And that’s great news!
And based on what she said, I feel more hopeful for my friends who work for Cumulus than I have in years.
And what’s good for Cumulus is also good for all of broadcast Radio. The healthier Radio’s largest companies are, the healthier Radio is as an industry.
Look, unless you’re a bondholder, the Cumulus bankruptcy had to make you more hopeful, just as the impending bankruptcy filing by iHeartMedia is hopeful.
Both companies took on an unsustainable level of debt that has forced them to run their stations in the worst way for the long term health of their individual stations.
“In her first ever radio industry conference appearance, Cumulus CEO Mary Berner was interviewed by Emmis New York Market Manager Charlie Morgan at the Country Radio Seminar in Nashville.”
“Berner was asked for her general thoughts on the radio industry and she told attendees radio needs to ‘grow a pair.'”
“Berner comes from the magazine industry and she said that industry had enormous confidence, without the R.O.I. to back it up. ‘Radio does have the audience and tremendous R.O.I. but we don’t act like it. We act like the ugly stepchild. This industry has the goods.’ “
Berner also said radio is in a race to the bottom when it comes to advertising rates.”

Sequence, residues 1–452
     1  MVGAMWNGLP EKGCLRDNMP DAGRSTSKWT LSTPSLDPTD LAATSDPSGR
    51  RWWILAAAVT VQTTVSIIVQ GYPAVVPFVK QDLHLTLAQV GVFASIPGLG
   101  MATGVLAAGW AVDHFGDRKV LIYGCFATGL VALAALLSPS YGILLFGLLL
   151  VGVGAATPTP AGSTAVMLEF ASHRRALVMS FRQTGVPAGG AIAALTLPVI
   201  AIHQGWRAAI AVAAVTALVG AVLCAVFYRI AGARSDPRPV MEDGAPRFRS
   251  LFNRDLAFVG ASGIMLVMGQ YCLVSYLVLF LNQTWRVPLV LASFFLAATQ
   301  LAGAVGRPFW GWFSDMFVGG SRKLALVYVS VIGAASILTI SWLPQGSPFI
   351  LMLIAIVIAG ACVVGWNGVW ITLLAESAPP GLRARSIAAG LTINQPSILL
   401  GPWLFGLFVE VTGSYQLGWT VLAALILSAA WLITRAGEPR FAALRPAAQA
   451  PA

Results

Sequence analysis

“She said the decision to file for bankruptcy was purely a business transaction and on the operational side it’s business as usual. Since taking over the company, more than two years ago, Berner has been very up-front about the need to not only turn the company around, but fix the balance sheet.”
“Berner told CRS attendees that when she took over the company she knew she needed to accomplish two things: fix the operational stability and fix the debt from the Citadel transaction. ‘We fixed the foundation but the mortgage was too high. We have plenty of cash. It’s business as usual for us.’ “
“Cumulus CEO Mary Berner has never shied away from criticizing the previous leadership at Cumulus. Berner says when she first took over, she asked a corporate assistant to help her get a company-wide survey out to employees and was met with dead silence. ‘We don’t have a way to communicate with employees,’ Berner said she was told. Berner says when the survey finally went out, half the company (Cumulus has about 6,000 employees) responded within 24 hours.”
“One of the themes from the first survey was toxic culture, which, Berner says, came up over and over again. She says her executive team met for three straight days to figure out a new culture. ‘What we needed to be was everything we weren’t.‘ “
“Berner also says a big part of the company turnaround was allowing the programmers to do their job. An office of programming was set up to provide resources, insight, data, tracking, and format expertise. She says when you let the content creators do their thing, good people will excel.”
“ ‘If you’re good at what you do you don’t want people telling you what to do every day.’ That was another complaint about the previous leadership, that everything was managed from the top down, with very few decisions being made on the local level, and many times the local programmers never hearing back from corporate when they made requests.”
I’ve never met her, and I know words need to be backed up by actual deeds, but based on her responses in these Radio Ink stories, I’m now rooting for her success.
Radio needs every success story we can produce.